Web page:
Did you know that up to 70% of women develop uterine fibroids? While all uterine fibroids are made of muscle tissues and fibers, there is more than one type.
At Alate Health in Houston, Texas, our board-certified interventional radiologists specialize in diagnosing and treating different uterine fibroids. We create personalized treatment plans based on the type of fibroid you have, among other factors.
Keep reading to learn more about the different types of fibroids, their risk factors, and the treatments available to help.
All uterine fibroids start in your uterus. And they’re all muscular, non-cancerous tumors. But depending on where they are in your body and the shape of the growth, you can be diagnosed with different types of uterine fibroids, including the four main types:
The most common fibroids are subserosal fibroids, which grow directly outside the uterus wall. Sometimes, subserosal fibroids are called pedunculated subserosal fibroids based on their shape (see below). These fibroids can be very big and trigger urinary and digestive symptoms when they put pressure on the bladder or digestive tract.
Intramural fibroids are also common and grow inside your uterine wall. Large intramural fibroids are most likely to cause swelling or a protruding abdomen, making you appear pregnant or overweight.
The diagnosis of pedunculated fibroids is based on shape rather than location. These fibroids have a long stalk and a top that appears mushroom-like. Because the stalk can twist and may limit or cut off blood flow to the tumor, this type of fibroid can trigger abdominal pain and cramping that can be quite severe.
When the fibroid grows in the inner lining of your endometrium, you’re diagnosed with a submucosal fibroid. Submucosal fibroids can expand into your uterine cavity.
This least common type of fibroid is also the type that causes the most problematic symptoms, especially since they can affect your fertility and menstrual cycle. Submucosal fibroids also trigger:
The anemia has its host of problematic symptoms, including dizziness and fatigue.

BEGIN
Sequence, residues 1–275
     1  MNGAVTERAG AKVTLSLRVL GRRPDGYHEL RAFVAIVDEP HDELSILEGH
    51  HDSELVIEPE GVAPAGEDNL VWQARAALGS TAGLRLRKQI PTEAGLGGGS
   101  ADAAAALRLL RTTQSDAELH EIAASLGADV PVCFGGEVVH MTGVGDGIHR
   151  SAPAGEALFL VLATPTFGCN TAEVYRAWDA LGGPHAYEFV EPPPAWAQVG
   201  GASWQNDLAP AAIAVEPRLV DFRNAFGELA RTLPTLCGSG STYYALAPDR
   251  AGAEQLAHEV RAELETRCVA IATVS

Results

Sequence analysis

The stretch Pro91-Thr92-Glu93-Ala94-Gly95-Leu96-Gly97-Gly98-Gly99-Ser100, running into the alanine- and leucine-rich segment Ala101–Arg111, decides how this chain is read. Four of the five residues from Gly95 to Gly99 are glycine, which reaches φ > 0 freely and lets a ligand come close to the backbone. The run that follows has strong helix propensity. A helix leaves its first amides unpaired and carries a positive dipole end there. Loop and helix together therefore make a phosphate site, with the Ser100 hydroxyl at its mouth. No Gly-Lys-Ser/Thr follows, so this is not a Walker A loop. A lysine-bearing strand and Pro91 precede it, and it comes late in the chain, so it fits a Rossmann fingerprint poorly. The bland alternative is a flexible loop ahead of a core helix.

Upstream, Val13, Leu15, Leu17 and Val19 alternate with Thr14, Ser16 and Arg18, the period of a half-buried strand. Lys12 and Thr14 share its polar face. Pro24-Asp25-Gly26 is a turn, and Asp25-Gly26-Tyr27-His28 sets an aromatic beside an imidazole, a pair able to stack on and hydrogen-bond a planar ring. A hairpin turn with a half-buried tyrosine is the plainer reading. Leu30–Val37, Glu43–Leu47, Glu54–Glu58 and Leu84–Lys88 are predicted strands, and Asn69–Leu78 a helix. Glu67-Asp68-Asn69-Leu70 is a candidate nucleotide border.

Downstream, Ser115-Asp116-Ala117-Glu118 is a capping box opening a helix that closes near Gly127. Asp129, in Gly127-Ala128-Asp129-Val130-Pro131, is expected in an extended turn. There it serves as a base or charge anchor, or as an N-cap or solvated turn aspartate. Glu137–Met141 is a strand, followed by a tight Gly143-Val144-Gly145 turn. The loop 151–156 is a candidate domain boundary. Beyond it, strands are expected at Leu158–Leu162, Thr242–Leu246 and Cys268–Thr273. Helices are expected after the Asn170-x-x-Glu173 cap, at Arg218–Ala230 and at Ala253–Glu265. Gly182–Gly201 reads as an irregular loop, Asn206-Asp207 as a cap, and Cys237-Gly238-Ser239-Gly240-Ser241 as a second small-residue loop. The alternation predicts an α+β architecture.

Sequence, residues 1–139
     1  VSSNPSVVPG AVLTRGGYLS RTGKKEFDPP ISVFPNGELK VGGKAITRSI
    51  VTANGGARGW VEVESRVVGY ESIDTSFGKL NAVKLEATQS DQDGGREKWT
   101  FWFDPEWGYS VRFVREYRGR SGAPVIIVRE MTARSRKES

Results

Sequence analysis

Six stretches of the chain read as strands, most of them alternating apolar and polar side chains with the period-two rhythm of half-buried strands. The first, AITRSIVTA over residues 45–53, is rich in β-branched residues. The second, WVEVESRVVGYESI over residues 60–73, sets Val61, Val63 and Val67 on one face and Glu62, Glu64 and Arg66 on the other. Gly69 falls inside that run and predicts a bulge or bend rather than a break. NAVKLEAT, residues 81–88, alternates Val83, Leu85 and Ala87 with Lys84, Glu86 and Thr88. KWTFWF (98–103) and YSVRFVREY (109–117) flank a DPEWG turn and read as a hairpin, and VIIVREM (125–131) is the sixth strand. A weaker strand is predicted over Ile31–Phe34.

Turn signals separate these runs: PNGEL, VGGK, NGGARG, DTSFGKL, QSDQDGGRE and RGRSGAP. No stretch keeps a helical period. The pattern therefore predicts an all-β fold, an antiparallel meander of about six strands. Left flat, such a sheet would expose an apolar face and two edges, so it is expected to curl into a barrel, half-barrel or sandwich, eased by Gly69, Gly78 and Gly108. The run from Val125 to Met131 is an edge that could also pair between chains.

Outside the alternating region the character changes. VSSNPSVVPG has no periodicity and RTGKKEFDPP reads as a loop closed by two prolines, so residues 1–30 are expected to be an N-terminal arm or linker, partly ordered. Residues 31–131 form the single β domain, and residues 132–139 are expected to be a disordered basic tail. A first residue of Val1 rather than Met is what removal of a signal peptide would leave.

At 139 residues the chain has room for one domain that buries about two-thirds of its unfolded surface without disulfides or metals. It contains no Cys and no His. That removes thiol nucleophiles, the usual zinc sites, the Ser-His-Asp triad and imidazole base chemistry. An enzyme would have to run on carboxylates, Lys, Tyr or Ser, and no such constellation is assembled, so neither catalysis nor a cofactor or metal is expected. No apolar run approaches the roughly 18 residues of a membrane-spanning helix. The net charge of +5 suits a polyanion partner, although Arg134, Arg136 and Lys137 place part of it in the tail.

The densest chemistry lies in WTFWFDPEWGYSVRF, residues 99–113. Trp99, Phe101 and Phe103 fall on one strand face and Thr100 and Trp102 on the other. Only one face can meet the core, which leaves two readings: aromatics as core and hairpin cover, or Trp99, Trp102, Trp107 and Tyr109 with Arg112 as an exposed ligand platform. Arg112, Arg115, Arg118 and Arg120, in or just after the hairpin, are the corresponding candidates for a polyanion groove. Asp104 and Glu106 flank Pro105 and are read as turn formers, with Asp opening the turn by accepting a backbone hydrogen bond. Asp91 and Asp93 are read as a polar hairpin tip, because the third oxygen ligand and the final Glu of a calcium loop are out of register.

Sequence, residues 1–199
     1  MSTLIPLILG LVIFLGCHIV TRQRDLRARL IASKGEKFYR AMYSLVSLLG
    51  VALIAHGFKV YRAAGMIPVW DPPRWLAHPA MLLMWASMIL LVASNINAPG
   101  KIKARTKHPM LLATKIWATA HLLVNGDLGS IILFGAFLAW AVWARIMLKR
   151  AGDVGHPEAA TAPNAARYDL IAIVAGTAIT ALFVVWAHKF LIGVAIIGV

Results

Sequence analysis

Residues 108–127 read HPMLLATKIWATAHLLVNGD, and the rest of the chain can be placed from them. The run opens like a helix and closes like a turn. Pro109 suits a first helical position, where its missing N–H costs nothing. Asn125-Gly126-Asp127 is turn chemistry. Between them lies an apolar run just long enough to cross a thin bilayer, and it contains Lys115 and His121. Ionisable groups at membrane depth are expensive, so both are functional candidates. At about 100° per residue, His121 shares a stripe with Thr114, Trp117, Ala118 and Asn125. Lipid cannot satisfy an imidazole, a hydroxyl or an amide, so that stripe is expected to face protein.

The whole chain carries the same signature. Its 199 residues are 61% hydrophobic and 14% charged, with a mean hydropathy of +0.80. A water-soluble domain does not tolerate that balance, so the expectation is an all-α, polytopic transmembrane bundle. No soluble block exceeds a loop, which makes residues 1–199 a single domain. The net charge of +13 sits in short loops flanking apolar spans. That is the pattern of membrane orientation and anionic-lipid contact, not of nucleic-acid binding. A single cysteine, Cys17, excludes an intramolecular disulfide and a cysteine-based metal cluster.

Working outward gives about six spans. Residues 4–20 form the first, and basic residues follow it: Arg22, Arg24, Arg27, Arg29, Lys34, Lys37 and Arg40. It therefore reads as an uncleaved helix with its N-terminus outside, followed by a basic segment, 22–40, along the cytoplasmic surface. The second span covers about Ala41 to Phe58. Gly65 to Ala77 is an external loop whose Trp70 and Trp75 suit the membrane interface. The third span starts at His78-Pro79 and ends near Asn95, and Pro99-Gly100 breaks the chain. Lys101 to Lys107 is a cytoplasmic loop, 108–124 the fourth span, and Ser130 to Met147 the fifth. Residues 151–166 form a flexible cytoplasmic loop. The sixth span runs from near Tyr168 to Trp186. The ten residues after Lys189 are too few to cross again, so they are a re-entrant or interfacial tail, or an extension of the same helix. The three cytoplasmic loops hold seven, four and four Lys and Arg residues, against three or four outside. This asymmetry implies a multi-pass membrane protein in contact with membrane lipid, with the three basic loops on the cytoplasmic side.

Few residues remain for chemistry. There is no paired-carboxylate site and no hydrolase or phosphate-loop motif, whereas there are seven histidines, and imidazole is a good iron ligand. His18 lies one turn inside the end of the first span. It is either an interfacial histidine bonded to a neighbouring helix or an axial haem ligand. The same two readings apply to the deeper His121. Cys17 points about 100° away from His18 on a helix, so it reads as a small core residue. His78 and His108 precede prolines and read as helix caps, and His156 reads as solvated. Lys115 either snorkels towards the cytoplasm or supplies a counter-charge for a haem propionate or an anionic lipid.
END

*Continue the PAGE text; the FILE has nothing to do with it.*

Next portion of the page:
Researchers aren’t sure what causes different women to develop different fibroids. They believe several factors may be at play: hormone imbalances, family history/genetics, and a history of pregnancy, which triggers an increase in estrogen and progesterone.
Regardless of the type of fibroid, these factors remain the same. Other risk factors you could have that increase your chances of getting fibroids include:
Many women don’t have any symptoms associated with their fibroids. For some women, however, fibroids can trigger noticeable symptoms, including:
Fibroids can also cause a feeling of being full or noticeable swelling/enlargement in the lower abdomen.
Yes! The good news is that different treatments can treat uterine fibroids that cause uncomfortable or painful symptoms. The type of fibroid you’re diagnosed with plays a role in the type of treatment for your condition.
At Alate Health, our team creates a personalized uterine fibroid treatment plan, avoiding surgery whenever possible. Some fibroids, like the submucosal type, may benefit from minimally invasive myomectomy to surgically remove fibroids that expand into the uterine cavity.
In most cases, however, our team can use non-surgical, minimally invasive uterine fibroid embolization (UFE). This safe and effective therapy uses a catheter to place microscopic particles, called embolic agents, in the blood vessel that feeds the fibroid.
These particles block blood flow to the tumor, which causes the tissue to shrink, providing much-needed relief from any negative symptoms for at least 85% of patients. The entire procedure is performed in our office and takes 90 minutes or less!
Learn more about the different types of fibroids and which treatment may be right for you by scheduling an appointment online or over the phone with a provider at Alate Health in Houston, Texas.